When pushing for the use of politically correct language, if the focus is all about what to say and not to say, the strong possibility of reactance may outweigh the potential benefits, especially if it makes them write off what people who are different from them have to say. In my mind, that creates a much worse situation than people saying not quite the right things. We may use different terminology around homelessness, but if I get annoyed at being told what to say and decide I don’t give a shit about the homeless issue in general, that’s a bigger problem. Disagreeing about language shouldn’t get in the way of all being able to recognize the underlying issues.
According to 2020 figures from Pew Research, Germany, France, the UK, and the US, were all about a 50/50 split (+/- 10) on opinions on whether people get too easy offended or people need to be careful what they say to avoid offending others. In the US, there was a big difference depending on political leanings; 65% of left-leaning people were concerned about avoiding offence compared to 23% of right-leaning people, which is a huge difference. Republicans in the US and Brexit Leavers reported negative views of political correctness, and equated this to cancel culture.
An article in The Atlantic describes two groups debating political correctness on Twitter: “Team Resentment,” consisting primarily of older white men, and “Team Woke,” made up primarily of young, female people of colour. In reality, the “exhausted majority” of people don’t fit into either team, and are generally averse to political correctness.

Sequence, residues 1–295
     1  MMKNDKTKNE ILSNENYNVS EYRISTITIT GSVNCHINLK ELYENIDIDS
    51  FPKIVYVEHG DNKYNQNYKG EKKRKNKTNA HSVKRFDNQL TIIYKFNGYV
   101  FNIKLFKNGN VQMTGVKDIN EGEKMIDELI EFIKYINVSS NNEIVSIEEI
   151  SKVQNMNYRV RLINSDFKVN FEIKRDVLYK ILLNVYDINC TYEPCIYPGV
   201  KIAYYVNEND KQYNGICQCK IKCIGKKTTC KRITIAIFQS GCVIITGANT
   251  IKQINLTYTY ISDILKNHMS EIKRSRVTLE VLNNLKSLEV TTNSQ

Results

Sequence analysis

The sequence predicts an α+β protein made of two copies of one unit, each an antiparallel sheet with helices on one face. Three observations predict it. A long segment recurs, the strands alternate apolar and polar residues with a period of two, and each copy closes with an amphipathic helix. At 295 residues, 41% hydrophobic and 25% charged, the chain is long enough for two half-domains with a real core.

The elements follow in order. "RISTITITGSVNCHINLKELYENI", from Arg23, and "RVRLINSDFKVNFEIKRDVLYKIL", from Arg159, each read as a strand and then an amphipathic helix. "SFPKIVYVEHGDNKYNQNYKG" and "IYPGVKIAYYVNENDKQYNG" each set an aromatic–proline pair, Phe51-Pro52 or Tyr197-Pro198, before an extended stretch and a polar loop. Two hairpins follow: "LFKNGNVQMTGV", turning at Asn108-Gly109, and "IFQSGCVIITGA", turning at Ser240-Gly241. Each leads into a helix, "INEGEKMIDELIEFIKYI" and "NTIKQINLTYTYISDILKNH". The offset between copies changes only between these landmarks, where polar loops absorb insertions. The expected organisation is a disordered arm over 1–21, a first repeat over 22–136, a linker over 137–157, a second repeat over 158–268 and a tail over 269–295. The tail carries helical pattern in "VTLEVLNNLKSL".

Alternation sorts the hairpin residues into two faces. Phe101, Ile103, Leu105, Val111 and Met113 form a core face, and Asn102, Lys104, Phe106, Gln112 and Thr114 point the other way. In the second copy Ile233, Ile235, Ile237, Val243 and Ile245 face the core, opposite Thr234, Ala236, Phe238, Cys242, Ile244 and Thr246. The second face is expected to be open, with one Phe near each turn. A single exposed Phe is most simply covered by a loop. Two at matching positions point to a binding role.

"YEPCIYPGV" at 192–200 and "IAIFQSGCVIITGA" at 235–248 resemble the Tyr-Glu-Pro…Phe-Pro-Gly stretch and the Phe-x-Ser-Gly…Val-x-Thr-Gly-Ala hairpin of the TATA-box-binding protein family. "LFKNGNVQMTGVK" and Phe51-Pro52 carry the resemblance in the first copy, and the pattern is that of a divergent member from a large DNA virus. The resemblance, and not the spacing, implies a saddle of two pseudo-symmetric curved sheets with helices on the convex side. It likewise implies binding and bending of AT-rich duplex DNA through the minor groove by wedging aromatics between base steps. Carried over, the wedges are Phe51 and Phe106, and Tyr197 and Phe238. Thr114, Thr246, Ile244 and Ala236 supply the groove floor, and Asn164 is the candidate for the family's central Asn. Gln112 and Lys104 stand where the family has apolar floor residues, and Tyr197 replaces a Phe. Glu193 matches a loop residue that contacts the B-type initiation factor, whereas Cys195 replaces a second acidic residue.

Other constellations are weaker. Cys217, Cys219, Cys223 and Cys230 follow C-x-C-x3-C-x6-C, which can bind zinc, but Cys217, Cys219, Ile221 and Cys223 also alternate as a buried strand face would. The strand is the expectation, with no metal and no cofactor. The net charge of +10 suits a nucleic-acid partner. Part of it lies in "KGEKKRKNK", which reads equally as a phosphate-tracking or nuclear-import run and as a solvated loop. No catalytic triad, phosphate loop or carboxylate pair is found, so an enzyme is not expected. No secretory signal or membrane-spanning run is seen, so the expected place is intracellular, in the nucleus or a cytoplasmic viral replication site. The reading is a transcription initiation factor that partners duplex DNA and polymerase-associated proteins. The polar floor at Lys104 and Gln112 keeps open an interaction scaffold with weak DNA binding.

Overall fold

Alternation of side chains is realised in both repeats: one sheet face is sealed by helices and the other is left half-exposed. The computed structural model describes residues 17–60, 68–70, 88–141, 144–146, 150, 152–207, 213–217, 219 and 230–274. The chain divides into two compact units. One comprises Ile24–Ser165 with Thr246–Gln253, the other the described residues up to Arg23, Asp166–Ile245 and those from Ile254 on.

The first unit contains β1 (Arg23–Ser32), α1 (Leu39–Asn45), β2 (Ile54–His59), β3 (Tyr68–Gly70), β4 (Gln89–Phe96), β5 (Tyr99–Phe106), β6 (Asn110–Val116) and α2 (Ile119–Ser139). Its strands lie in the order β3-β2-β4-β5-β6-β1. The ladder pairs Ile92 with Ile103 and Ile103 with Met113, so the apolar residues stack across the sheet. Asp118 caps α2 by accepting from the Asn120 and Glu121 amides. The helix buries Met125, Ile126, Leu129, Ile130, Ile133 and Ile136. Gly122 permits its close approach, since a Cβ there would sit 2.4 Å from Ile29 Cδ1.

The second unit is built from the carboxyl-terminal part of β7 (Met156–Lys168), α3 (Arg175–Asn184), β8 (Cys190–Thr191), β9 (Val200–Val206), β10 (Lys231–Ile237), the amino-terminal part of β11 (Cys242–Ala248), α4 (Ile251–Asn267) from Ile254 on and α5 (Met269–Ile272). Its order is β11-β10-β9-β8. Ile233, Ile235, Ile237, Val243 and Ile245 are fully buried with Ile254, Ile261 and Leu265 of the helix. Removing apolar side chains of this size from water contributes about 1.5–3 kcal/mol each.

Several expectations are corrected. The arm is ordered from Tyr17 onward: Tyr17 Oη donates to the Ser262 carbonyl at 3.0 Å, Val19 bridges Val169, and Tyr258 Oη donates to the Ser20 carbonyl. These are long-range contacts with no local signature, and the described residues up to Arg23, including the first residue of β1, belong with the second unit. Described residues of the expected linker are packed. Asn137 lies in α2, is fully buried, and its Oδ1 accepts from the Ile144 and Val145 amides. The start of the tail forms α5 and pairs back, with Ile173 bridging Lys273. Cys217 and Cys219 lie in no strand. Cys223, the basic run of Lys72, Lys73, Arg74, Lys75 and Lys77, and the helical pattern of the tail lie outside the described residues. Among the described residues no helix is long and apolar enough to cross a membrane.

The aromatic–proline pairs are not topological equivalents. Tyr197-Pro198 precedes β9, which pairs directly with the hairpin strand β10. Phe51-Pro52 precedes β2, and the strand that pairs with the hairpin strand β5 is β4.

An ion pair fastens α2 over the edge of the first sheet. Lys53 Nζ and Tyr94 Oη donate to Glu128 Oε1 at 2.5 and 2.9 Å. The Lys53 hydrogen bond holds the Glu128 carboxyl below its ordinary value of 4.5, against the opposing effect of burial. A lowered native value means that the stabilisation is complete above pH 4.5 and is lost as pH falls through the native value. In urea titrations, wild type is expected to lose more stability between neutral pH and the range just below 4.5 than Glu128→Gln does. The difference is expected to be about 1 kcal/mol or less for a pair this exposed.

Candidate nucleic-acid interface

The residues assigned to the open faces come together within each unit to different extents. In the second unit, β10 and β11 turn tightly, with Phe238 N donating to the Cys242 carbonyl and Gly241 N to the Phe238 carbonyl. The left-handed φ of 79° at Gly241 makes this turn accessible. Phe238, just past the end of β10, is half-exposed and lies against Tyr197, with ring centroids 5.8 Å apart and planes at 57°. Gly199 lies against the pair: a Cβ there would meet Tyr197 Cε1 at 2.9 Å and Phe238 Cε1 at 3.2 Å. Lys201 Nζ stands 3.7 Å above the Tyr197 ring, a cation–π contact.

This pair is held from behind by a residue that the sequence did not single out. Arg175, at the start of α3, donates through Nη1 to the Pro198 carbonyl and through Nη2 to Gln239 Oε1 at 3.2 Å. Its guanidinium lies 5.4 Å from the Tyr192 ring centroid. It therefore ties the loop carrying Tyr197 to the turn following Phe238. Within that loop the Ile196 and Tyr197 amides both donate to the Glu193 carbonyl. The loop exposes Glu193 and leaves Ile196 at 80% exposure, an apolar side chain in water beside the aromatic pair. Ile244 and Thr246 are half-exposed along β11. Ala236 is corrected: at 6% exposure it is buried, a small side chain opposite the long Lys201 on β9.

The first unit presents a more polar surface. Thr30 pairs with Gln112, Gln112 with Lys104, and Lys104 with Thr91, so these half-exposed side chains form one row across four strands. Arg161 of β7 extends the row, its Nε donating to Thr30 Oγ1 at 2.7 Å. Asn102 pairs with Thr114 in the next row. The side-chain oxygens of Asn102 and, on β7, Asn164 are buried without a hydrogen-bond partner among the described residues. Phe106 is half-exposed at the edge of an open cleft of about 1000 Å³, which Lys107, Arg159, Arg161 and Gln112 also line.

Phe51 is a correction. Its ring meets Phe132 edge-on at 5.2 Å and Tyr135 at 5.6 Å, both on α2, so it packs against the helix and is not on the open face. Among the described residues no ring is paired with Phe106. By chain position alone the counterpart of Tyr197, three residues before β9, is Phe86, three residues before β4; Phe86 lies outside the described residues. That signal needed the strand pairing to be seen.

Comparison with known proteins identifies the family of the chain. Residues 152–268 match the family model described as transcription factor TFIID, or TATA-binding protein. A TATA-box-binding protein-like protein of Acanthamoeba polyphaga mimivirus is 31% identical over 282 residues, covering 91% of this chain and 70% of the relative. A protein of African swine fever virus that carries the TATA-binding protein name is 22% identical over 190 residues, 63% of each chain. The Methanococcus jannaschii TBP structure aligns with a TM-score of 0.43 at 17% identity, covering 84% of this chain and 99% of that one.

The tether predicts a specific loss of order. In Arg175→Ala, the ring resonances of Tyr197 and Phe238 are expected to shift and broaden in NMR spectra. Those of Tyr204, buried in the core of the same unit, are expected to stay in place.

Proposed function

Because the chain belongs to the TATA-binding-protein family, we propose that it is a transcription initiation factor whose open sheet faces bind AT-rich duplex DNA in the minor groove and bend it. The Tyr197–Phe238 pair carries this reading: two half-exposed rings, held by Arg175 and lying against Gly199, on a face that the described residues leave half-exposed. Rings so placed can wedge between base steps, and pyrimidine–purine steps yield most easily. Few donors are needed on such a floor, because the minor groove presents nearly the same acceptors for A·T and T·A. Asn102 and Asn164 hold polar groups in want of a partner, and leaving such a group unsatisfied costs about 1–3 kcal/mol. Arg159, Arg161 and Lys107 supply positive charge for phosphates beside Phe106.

The potential downsides
A common raised concern about political correctness is that it creates offence where none was intended, such as if someone used the last correct word/phrase on the euphemism treadmill because they’re not aware of the current one. This can make people reluctant to speak about a subject at all, as they might inadvertently offend someone and face social sanctions as a result.
At the same time, you’ve got marginalized groups, whether that’s based on race, class, disability, gender, or what have you, who are sick of the shitty attitudes that really are out there, PC language or not. Shitty language just adds an extra layer to the bigger shit sandwich. Easing up on political correctness shouldn’t have to come at the expense of adding to their already super-size shit-wich.
Whether or not one thinks political correctness is a good or a bad thing, what I think is most important is not get so caught up in language that it stops us from telling and hearing our stories. Perhaps we can move past whether or not we’re offended by particular the words someone uses and talk about our experiences and feelings, and the commonality that draws us all together. I care a lot less about the words people use to describe mental illness than I do about them knowing that stigma makes it hard to get decent healthcare. If someone wants to talk about how unfair it is that the mentally ill can’t access needed care, I don’t give a crap about them referring to us “the mentally ill.” Attitudes matter, and sometimes words are a distraction from those attitudes.
Maybe, instead of focusing on politically correct speech and talking over other people, we’re better off doing a whole lot more listening. It’s very hard to understand anyone else’s experience without listening, and making assumptions based on our own experience doesn’t accomplish a whole heck of a lot.
What do you think of the potential advantages and disadvantages of political correctness?